Above are Figaro’s official specifications for the sensor. As mentioned, the baseline offset is <±10ppm, meaning that up to 10ppm, the sensor may not record any concentration. Considering that outdoor concentrations rarely exceed ten ppm and that indoor concentrations will likely only exceed that concentration when smoking or, potentially, cooking. Is there a disadvantage to having this sensor included? No, but it definitely shouldn’t be relied upon, and its usefulness is questionable. I would’ve much preferred to have seen a CO2 sensor included, even if it would’ve increased the price by $10.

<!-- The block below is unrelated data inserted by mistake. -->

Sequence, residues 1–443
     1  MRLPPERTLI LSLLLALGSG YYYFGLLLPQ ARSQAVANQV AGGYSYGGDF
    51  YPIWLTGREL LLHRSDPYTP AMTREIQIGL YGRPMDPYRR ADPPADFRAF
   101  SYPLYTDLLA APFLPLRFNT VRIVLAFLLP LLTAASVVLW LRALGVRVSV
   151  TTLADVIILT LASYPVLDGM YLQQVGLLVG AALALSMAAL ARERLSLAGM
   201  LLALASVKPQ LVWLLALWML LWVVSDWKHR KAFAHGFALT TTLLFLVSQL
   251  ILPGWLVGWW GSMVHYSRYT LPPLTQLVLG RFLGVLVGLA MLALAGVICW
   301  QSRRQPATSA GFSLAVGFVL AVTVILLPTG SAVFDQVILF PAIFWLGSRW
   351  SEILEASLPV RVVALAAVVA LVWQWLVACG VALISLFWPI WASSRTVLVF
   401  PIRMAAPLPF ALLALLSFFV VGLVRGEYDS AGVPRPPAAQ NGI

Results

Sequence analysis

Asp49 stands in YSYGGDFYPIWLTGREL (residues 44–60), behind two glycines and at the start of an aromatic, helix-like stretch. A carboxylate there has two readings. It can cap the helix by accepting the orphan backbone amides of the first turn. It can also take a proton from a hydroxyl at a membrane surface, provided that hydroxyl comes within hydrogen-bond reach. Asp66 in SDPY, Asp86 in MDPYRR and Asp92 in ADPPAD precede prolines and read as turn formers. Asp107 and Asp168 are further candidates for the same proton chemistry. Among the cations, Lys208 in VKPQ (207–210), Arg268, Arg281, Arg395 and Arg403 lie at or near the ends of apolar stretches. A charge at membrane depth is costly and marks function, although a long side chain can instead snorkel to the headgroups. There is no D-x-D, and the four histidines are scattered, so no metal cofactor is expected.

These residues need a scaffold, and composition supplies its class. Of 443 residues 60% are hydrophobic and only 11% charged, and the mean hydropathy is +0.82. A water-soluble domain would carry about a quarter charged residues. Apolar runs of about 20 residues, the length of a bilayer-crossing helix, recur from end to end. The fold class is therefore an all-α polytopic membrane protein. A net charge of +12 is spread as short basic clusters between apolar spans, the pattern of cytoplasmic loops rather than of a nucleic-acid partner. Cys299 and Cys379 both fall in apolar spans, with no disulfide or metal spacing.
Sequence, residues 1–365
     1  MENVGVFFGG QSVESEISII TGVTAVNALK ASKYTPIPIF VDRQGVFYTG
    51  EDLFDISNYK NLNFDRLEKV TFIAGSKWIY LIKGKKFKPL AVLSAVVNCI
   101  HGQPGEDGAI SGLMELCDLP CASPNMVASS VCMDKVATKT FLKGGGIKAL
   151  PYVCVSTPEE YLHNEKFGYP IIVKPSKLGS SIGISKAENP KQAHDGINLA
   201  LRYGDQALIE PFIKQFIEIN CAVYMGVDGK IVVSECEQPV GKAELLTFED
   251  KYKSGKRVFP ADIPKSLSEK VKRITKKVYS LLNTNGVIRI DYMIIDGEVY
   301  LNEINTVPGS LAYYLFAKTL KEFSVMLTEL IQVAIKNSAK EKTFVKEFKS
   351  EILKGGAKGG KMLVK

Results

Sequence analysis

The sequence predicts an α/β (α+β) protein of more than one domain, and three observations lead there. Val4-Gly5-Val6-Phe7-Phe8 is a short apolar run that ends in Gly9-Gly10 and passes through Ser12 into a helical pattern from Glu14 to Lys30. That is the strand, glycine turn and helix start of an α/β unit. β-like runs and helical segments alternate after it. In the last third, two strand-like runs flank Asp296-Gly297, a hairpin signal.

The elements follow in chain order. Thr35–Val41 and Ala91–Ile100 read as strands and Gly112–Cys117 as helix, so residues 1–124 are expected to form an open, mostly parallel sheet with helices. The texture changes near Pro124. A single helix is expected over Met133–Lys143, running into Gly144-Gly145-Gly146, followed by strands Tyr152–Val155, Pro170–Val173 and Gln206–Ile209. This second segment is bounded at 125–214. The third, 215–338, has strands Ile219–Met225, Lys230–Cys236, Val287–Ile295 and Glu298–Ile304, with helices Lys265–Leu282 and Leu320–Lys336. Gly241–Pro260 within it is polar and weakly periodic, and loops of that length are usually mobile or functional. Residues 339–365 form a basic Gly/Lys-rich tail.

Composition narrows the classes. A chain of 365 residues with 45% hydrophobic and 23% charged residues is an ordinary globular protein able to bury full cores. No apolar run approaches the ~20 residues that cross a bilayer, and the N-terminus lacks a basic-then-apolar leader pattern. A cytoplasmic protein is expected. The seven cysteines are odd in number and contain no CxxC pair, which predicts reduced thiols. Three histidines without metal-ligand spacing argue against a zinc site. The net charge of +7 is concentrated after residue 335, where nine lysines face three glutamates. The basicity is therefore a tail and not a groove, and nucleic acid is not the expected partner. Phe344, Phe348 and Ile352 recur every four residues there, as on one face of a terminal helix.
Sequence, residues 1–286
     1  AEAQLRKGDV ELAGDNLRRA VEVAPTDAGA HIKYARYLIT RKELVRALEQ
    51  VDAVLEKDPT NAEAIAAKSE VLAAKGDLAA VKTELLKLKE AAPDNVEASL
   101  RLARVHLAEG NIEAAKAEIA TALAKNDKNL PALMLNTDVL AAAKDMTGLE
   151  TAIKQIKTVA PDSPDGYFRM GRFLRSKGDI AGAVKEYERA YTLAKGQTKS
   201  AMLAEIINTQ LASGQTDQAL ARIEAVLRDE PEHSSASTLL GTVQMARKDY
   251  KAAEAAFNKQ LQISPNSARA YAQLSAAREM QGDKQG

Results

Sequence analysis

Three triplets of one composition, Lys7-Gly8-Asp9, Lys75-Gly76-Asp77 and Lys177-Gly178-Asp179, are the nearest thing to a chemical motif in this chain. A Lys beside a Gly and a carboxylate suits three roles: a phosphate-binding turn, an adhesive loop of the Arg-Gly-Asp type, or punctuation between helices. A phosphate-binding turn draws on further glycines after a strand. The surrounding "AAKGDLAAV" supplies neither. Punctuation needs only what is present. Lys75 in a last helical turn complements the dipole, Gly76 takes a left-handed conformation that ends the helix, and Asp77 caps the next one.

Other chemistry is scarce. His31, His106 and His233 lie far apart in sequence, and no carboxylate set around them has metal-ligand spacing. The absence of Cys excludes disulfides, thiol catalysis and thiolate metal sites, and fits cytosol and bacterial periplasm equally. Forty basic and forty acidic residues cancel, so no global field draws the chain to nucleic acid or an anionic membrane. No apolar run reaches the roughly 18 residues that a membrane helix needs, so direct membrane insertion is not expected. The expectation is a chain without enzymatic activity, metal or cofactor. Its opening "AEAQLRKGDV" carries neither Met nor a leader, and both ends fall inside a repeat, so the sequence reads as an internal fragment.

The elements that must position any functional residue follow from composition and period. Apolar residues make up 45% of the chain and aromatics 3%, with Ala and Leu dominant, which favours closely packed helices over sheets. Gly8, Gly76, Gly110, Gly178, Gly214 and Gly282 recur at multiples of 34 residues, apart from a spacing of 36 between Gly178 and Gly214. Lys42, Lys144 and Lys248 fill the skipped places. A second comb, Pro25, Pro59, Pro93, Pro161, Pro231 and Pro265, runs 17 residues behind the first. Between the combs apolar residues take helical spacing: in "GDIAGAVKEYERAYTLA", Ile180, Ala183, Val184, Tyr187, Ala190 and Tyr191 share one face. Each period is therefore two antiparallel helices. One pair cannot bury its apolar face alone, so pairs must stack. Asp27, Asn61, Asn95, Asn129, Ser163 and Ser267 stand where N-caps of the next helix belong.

Overall, regarding accuracy, the Amazon Smart Air Quality Monitor performs well with particulate matter, temperature, and relative humidity readings. When it comes to VOCs, the sensor performs as it should, but it’s important to note that it will only provide relative readings. On the other hand, I think the CO sensor has very limited usefulness due to its limit of detection (LOD) and relatively low resolution.


Amazon Smart AQ Monitor Front

For many, the Amazon Smart Air Quality Monitor’s unassuming and minimalist design is its most appealing aspect. This is probably the most simple-looking air quality monitor I’ve ever reviewed, and it gives me a feeling similar to that of the Qingping Air Monitor Lite. That’s not to say the monitor feels cheap or low-quality – quite the opposite! The monitor is compact but weighty, and the plastic feels high-quality.